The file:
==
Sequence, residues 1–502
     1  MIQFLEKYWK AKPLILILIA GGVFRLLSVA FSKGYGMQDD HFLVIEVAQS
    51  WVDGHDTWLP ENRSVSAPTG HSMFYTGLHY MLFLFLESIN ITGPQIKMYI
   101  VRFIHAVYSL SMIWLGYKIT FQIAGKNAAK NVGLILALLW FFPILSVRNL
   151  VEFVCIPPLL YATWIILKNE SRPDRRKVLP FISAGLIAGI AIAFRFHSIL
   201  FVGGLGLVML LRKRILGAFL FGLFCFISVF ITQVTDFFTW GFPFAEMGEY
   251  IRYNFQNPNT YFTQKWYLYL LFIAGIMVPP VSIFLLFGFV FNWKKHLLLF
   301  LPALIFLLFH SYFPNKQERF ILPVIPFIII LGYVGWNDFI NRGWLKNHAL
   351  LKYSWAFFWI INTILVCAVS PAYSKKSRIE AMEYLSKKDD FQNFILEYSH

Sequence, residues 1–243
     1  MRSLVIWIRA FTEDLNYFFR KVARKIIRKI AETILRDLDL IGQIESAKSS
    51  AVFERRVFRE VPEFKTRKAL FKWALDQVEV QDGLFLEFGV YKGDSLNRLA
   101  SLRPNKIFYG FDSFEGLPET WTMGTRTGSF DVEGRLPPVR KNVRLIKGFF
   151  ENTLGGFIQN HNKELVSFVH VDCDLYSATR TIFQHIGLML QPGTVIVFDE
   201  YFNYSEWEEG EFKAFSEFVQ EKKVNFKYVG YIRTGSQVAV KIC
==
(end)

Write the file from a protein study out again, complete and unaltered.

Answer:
Sequence, residues 1–502
     1  MIQFLEKYWK AKPLILILIA GGVFRLLSVA FSKGYGMQDD HFLVIEVAQS
    51  WVDGHDTWLP ENRSVSAPTG HSMFYTGLHY MLFLFLESIN ITGPQIKMYI
   101  VRFIHAVYSL SMIWLGYKIT FQIAGKNAAK NVGLILALLW FFPILSVRNL
   151  VEFVCIPPLL YATWIILKNE SRPDRRKVLP FISAGLIAGI AIAFRFHSIL
   201  FVGGLGLVML LRKRILGAFL FGLFCFISVF ITQVTDFFTW GFPFAEMGEY
   251  IRYNFQNPNT YFTQKWYLYL LFIAGIMVPP VSIFLLFGFV FNWKKHLLLF
   301  LPALIFLLFH SYFPNKQERF ILPVIPFIII LGYVGWNDFI NRGWLKNHAL
   351  LKYSWAFFWI INTILVCAVS PAYSKKSRIE AMEYLSKKDD FQNFILEYSH

Sequence, residues 1–243
     1  MRSLVIWIRA FTEDLNYFFR KVARKIIRKI AETILRDLDL IGQIESAKSS
    51  AVFERRVFRE VPEFKTRKAL FKWALDQVEV QDGLFLEFGV YKGDSLNRLA
   101  SLRPNKIFYG FDSFEGLPET WTMGTRTGSF DVEGRLPPVR KNVRLIKGFF
   151  ENTLGGFIQN HNKELVSFVH VDCDLYSATR TIFQHIGLML QPGTVIVFDE
   201  YFNYSEWEEG EFKAFSEFVQ EKKVNFKYVG YIRTGSQVAV KIC